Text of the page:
The abiding saga of advanced television standards requires patience. Noland brought plenty of that, along with a consensus-building leadership style and an encyclopedic knowledge of NextGen TV when she became ATSC president in May 2019. Noland had chaired several ATSC 3.0-related and implementation teams since 2012 and in standards roles, at Backchannelmedia Inc., Telvue Corp. and LG Electronics.
Noland began to earn her geek credentials as a kid. Her father, a university professor, gave her access to an acoustic coupler, which gave her access to the “campus mainframe” computers.
“I was soon playing text-based adventure games and learning to write programs in Basic and Fortran on this amazing new toy,” she recalled. Eventually she applied her tech interest to the media business at Backchannelmedia, a pioneer in advanced advertising solutions for ATSC 1.0, which was just emerging.
As Noland moved through the standards process, she found it “gratifying to work with the brightest minds in broadcast engineering from around the globe.” As the groups discussed technical solutions, Noland was impressed to watch the “amazing intersection of technology and teamwork.”
She is also aware of on-going issues of the intertwined communications/media ecosystem. “ATSC 3.0 offers great potential to be a gamechanger for the media tech business,” Noland reflected. “But history suggests that vigilance, creative thinking and continually striving for progress will all be required to make good things happen.
“With next-gen technology, broadcasting is emerging from a largely local solution onto the global stage, joining other global data/media delivery systems such as the internet, Wi-Fi and LTE/5G. Cloud technology, the international outlook, IP-based workflows and new business scenarios [are] all coming together,” Noland observed, which means “the industry needs a huge range of skillsets.”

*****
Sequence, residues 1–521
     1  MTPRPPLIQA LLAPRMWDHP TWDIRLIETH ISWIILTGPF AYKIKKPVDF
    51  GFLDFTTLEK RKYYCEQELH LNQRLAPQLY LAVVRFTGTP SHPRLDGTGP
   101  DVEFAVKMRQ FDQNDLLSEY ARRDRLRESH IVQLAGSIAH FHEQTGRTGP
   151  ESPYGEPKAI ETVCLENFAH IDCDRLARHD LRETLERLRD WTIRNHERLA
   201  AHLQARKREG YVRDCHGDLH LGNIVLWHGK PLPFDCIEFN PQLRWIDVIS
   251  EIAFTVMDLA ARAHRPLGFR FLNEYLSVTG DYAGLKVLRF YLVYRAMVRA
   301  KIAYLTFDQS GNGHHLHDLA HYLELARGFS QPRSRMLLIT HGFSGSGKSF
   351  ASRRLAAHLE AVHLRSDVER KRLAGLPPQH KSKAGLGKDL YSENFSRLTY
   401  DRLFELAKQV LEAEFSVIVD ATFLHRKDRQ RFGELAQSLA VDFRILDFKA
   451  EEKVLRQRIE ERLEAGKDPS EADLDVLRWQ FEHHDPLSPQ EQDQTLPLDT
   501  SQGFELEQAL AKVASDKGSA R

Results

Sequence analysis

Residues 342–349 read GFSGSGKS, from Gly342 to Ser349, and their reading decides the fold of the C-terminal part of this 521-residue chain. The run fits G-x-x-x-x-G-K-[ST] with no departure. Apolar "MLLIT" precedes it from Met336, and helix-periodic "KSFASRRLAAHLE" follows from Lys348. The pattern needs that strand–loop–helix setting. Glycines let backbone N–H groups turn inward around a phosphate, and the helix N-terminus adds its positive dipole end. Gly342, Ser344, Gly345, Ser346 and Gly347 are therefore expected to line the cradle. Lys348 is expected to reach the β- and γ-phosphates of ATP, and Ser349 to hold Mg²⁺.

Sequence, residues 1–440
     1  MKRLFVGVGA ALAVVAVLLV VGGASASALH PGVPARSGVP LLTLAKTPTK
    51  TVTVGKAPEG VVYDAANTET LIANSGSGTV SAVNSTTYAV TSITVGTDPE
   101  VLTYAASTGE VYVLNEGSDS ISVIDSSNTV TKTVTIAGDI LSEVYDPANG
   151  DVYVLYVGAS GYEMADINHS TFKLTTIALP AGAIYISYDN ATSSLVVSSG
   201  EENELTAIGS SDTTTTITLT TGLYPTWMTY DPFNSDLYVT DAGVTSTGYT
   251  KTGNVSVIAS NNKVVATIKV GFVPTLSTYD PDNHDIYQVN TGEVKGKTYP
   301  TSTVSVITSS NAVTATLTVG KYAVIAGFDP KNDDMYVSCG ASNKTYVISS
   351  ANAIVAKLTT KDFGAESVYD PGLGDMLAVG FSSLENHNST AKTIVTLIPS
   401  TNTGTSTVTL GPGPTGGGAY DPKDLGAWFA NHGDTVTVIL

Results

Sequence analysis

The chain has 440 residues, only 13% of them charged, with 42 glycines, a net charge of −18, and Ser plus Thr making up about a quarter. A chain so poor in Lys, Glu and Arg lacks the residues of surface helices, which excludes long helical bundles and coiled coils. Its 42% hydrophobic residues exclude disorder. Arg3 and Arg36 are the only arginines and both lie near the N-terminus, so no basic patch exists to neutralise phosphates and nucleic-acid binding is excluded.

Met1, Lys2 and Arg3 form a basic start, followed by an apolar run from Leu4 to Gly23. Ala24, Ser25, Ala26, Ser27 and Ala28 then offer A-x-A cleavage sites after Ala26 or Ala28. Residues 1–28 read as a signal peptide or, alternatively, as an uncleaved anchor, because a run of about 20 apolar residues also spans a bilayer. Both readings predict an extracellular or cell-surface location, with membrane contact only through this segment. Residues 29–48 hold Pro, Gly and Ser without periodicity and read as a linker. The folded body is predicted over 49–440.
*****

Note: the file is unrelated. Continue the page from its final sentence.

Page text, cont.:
As for ATSC’s agenda, Noland expects that camaraderie will continue to drive the group and fulfill her checklist: “How to help a group achieve its goals, how to build a great team, how to keep learning, how to make things happen, how to keep calm, how to stick up for your ideas, and how to listen.”
“And how we all need a good laugh from time to time.”
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Gary Arlen, a contributor to Broadcasting & Cable, NextTV and TV Tech, is known for his visionary insights into the convergence of media + telecom + content + technology. His perspectives on public/tech policy, marketing and audience measurement have added to the value of his research and analyses of emerging interactive and broadband services. Gary was founder/editor/publisher of Interactivity Report, TeleServices Report and other influential newsletters; he was the long-time “curmudgeon” columnist for Multichannel News as well as a regular contributor to AdMap, Washington Technology and Telecommunications Reports; Gary writes regularly about trends and media/marketing for the Consumer Technology Association's i3 magazine plus several blogs.